How many languages can you keep at a high level?

General discussion about learning languages
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sfuqua
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How many languages can you keep at a high level?

Postby sfuqua » Fri Mar 10, 2017 6:09 pm

I know this would vary from person to person, and from language to language, but for a person who is not a monastic language learner, how many languages can you keep at a high level, at least for receptive skills?
My impression is that once a language gets into the C2 range, that it doesn't take much to maintain it at that level. Of course it takes a long time to get there in even one language. :D

I wonder what people's experience is, those of you who have C level skills in several languages.
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Re: How many languages can you keep at a high level?

Postby YtownPolyglot » Fri Mar 10, 2017 8:33 pm

As far as I can tell, I've got English at a native level, French at a C1 level and Spanish at a B level with others at lower levels. I'm juggling reasonably well for now.
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Re: How many languages can you keep at a high level?

Postby Finny » Sat Mar 11, 2017 3:45 am

Receptively, I wouldn't be surprised if C-levels could be maintained for more than a dozen languages; understanding is much, much, much easier than producing. Splitting reception into reading vs listening expands the possibilities even further.
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Re: How many languages can you keep at a high level?

Postby Mareile » Mon Mar 13, 2017 7:37 pm

Hey,

I am a native German and recently managed to have three foreign languages at a high level, where I would have passed a C1 exam in all of them. It was English (my work is predominantly in English), Dutch (one of my flatmates plus classes twice a week), and French (my second flatmate and activities like theatre class).
The environment here in Brussels is ideal, and I did not spend any time studying at my desk at home. Of course, my written French has degraded over time since I stopped French classes a year ago.

However, I have just come back from a one month intensive Spanish study trip in Guatemala... I started from scratch and spent the whole month immersing in Spanish without keeping the other languages fresh in my mind.
Now I am back and have quite good comprehension in all of them (French, Dutch, Spanish), can watch documentaries etc. but production is miserable, I sound like a beginner in all of them, mixing up French and Spanish quite a bit.
So yeah, receptive skills are hard to loose.

But I will get there, it will require some desk study now and then I will have to find myself a Spanish activity in Brussels and then I can get back into everyday life, keeping all 4 on a high level.

I think it depends very much on your environment. Does it cue you to actively use all of your languages? Then you can keep them up. I must admit, when choosing my flatmates, their native language was my highest criteria ;)
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Re: How many languages can you keep at a high level?

Postby tarvos » Tue Mar 14, 2017 3:53 pm

I can manage about seven or eight in the C-range, but some of them are going to be low C's. If we include B2's I think it's somewhere closer to 12.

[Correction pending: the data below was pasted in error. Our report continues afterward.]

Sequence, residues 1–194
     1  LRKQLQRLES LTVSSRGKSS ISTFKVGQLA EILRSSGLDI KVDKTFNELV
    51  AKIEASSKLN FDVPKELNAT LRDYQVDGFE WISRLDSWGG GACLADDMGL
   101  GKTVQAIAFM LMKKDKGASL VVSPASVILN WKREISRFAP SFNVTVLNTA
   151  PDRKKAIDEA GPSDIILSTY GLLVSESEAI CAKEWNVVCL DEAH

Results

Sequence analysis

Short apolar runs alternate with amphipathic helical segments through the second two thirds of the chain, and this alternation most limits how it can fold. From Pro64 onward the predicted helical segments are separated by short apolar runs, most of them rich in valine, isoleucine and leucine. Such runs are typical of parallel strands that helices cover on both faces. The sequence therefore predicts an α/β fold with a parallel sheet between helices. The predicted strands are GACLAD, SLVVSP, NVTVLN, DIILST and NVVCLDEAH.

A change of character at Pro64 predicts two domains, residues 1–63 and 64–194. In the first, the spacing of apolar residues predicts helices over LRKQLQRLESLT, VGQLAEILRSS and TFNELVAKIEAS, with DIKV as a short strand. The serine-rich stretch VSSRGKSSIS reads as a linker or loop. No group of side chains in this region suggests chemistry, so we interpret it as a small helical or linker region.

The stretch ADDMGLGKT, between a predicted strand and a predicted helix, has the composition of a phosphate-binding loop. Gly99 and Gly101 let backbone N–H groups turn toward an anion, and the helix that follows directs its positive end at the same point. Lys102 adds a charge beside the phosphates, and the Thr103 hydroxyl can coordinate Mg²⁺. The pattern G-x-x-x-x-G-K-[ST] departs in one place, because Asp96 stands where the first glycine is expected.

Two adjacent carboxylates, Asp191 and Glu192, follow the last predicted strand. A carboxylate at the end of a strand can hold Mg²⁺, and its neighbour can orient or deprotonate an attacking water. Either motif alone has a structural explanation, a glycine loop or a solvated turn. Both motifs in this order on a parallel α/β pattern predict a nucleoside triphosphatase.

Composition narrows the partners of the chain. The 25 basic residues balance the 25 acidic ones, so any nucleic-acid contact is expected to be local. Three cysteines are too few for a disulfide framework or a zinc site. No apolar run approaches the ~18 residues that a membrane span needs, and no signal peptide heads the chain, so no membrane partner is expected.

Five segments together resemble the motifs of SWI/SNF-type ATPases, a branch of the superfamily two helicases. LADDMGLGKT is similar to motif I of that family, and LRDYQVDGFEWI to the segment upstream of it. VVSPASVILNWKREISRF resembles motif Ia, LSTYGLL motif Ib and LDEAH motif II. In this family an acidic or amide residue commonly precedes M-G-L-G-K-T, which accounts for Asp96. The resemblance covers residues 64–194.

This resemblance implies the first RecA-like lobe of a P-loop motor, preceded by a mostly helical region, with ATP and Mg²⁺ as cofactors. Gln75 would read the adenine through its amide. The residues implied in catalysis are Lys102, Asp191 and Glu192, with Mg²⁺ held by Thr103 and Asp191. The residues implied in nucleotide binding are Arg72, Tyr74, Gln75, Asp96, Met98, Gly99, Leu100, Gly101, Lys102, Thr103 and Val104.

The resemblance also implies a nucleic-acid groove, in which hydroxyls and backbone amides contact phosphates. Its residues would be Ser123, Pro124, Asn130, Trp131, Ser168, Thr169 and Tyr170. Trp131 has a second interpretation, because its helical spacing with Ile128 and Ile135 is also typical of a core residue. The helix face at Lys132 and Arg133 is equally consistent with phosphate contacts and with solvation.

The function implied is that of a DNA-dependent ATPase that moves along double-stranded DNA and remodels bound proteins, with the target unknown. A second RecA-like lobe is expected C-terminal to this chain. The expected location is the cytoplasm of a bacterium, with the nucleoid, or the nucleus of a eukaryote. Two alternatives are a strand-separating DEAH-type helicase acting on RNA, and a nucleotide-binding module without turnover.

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Re: How many languages can you keep at a high level?

Postby Expugnator » Wed Mar 15, 2017 11:41 pm

Receptively the maintenance costs are very low. Once you reach a C-level in reading, you have to try hard for it to degrade. Listening does seem to degrade quickly, but you can also recover quickly. I like to split listening into subskills other than plain CEFR levels. So I first read a C level in following dubbed series, then in audiobooks, newscasts, real life conversations, native series and films. I notice that if my listening to audiobooks is around B2, it degrades quickly after I stop practicing. It recently happened with Norwegian. My audiobooks listening for French and Italian, though, is at the C levels and won't go away that easily. I think I have English, French, Spanish, Italian and Papiamento at passive C levels and I don't I'd downgrade in them. Norwegian and German come close and Georgian is definitely in the B range and I don't think I lose receptive skills that easily because context helps not only learn new words but also remember words you don't know 100% or which aren't part of your productive vocabulary. So if you mistake ბაღი (garden) and ძაღლი (dog) in Georgian, context will tell you with verbs, case forms and postpositions which one can do what in a sentence.

As for active skills, I have the impression speaking also deteriorates more quickly than writing, which leaves time for reflection and allows for higher meaning recovery. I can't say much, though, because I rarely speak my TL's and i'm not sure I have a C in writing, but I think a C in writing would probably come to stay, in the sense that I could maintain it for any language I'd achieve.

That said, I think I can maintain a language with just 5 minutes a day, with occasional longer bursts, preferably productive. Have I reached a high level in all of my 12 studied languages, I don't think they'd deteriorate. They'd just stop progressing at some subskills for a while, which is what happen, for example, when I stop doing intensive watching in Norwegian and I get stuck in my receptive skills.
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